The devastated sons of a wheelchair-bound woman who took her own life after consulting an “abhorrent” euthanasia website have spoken of their fury that it hasn’t been shut down.
Multiple-sclerosis sufferer Catherine Veasey, known as Anne, died in August last year after taking an overdose of an illegal drug she had ordered from China.
Now, after an inquest into her death which has cleared the care home where she lived of any involvement, the 71-year-old’s sons have spoken out against the website which supported her.
“They told her what she needed to do, how to do it,” said Peter and Michael Twyman, speaking to the Advertiser after the inquest.
“If someone gives you a loaded gun and then tells you how to use it - are they not culpable?”
Mrs Veasey, who had lived in Harrogate since the 1960s, died at the Southlands Nursing Home on August 1 last year.
Police launched an investigation into her death after it emerged she had been visited just weeks before by a member of Exit International.
This Australian-based website, founded by the prominent campaigner Dr Philip Nitschke, describes itself as a “leading end-of-life information organisation,” and details methods of suicide.
Mrs Veasey’s sons said this website should accept some responsibility.
“This organisation is going around promoting the act of people ending their own lives,” they said. “It’s abhorrent. My mother still had an active life. She had another five or 10 years of life left.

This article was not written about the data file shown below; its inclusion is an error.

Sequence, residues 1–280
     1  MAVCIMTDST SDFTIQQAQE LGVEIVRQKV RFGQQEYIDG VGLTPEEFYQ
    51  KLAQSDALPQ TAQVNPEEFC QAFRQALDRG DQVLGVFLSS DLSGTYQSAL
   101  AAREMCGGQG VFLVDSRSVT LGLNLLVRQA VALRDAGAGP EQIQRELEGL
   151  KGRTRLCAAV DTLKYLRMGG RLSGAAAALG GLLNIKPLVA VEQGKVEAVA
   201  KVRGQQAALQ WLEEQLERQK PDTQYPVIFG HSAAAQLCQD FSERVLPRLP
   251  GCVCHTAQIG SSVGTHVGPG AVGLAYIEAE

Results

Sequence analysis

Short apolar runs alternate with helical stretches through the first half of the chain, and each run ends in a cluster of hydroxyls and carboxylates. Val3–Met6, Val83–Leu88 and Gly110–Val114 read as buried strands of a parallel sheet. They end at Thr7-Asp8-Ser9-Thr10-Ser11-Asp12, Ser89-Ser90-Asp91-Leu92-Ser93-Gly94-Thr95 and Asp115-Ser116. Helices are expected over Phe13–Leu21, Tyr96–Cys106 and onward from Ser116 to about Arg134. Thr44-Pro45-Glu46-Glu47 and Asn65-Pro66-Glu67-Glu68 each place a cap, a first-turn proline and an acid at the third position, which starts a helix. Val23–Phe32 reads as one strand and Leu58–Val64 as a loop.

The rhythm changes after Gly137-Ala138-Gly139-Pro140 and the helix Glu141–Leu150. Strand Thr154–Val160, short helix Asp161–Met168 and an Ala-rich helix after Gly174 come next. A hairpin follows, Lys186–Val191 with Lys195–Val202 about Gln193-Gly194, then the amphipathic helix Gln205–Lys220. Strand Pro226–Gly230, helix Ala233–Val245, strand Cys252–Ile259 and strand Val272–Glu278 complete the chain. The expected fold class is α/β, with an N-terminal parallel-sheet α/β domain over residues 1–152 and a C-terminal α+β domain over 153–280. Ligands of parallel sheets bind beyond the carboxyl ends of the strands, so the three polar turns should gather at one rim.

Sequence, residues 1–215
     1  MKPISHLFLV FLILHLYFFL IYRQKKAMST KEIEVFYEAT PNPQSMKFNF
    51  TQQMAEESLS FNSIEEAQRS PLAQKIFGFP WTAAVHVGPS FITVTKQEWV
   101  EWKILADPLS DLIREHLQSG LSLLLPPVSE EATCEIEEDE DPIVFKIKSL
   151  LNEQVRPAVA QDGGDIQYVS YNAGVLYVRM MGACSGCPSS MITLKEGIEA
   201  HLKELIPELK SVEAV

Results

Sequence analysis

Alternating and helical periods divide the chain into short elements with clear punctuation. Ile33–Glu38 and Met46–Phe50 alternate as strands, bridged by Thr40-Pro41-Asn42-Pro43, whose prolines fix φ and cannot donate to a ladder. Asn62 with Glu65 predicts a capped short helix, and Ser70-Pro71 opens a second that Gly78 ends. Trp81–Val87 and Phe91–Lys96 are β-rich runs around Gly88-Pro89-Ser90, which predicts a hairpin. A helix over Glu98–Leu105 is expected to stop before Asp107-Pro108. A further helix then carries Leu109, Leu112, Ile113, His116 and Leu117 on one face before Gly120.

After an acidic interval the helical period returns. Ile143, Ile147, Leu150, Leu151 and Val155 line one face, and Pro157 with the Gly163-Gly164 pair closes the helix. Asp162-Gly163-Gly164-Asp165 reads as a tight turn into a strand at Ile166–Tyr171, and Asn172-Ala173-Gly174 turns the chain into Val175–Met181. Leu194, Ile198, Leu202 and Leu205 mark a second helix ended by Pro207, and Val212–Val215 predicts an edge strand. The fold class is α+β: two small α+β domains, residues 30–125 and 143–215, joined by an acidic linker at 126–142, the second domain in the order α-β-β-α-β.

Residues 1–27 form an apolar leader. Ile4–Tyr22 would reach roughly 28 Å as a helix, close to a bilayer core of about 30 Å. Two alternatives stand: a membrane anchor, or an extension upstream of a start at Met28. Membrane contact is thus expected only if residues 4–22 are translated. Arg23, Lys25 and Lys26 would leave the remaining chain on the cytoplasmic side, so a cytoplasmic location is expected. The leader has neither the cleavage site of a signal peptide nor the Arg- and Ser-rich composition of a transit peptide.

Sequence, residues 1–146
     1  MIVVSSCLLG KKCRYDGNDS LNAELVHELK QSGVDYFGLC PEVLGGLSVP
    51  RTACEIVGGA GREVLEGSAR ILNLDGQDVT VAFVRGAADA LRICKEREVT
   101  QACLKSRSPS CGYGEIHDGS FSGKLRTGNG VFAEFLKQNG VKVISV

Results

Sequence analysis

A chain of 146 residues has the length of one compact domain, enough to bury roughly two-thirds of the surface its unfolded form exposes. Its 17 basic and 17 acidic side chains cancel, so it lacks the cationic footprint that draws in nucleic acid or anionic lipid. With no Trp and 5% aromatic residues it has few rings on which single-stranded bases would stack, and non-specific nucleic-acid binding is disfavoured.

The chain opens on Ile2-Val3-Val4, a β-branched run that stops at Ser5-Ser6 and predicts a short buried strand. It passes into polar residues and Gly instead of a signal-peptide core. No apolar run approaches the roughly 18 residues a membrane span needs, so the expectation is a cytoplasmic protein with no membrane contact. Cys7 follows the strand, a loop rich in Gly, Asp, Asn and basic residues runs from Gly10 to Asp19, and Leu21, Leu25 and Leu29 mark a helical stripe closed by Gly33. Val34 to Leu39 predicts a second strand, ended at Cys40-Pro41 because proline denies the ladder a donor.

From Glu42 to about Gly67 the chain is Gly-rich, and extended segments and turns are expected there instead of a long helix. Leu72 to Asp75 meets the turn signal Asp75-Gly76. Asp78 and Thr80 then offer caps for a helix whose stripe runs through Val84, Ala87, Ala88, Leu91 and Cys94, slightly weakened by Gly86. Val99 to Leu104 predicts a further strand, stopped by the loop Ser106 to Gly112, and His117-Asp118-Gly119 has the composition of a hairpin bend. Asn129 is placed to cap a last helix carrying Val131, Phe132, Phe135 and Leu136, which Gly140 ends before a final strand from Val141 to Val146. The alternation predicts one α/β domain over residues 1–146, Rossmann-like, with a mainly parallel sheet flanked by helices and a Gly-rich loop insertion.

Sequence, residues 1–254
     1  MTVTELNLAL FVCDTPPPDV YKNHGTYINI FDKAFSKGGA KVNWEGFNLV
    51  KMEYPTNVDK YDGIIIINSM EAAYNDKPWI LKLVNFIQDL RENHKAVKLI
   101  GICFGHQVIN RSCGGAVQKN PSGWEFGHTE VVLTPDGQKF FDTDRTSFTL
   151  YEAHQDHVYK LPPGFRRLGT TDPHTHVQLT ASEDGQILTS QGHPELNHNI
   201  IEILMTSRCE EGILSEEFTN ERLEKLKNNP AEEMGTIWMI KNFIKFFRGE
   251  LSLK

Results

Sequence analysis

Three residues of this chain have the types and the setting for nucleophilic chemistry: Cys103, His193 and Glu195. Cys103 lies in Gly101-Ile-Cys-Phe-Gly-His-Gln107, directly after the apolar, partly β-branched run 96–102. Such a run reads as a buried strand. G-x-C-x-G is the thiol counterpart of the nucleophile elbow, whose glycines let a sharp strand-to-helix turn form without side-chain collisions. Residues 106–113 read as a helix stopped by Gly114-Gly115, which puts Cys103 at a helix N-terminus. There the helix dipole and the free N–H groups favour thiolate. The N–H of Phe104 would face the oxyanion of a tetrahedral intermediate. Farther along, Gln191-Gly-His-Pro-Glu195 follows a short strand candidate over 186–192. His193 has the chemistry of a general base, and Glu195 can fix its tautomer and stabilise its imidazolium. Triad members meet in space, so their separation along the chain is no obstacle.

“To encourage a person in that situation is completely inappropriate.”
The police investigation was dropped after a voluntary interview with Mrs Veasey’s visitor, Tom Curran from Ireland. Dr Nitschke, speaking to the Advertiser this week, said it is foolish to suggest they were in any way responsible.
“She was not the kind of person to be influenced by a website,” he said. “These are the actions of a rational individual who took full responsibility for her own death.”
Dr Nitschke said it was important that people like Mrs Veasey had access to information, denying that this made them accountable.
“To give people information allows them to make decisions,” he said, defending the website.
“To keep people in the dark to keep them safe is naive. That leaves them to become desperate and desperate people take desperate actions.”
Mrs Veasey, a grandmother of five, was a member of the Harrogate Dramatic Society and the Operatic Society.
A former director of a pensions company in Leeds, she was a member of Mensa and had taken up the study of quantum physics shortly before her death.
She was described by her sons as a “strong-willed woman with a wicked sense of humour”, and even after she moved into the nursing home would look forward to visits from her two rescue dogs, Jed and Roxy.
But in the months before her death, the inquest last Thursday heard, her illness had worsened.
What’s more, said staff at the home, she had been facing severe financial troubles after North Yorkshire County Council cut her funding and had been “uncontrollably upset” at news that she could no longer afford her room and would have to move to a smaller one.
Coroner Rob Turnbull, recording a verdict of suicide, said Mrs Veasey had taken her own life before her MS became “unbearable”.
Tony Collins, chief executive of Harrogate charity Saint Michael’s Hospice, said that euthenasia doesn’t have to be an option.
“The focus seems to be that people are afraid of dying with a lack of dignity, or in pain,” he said. “It’s clear to me that if more resources were made available that wouldn’t be an issue.”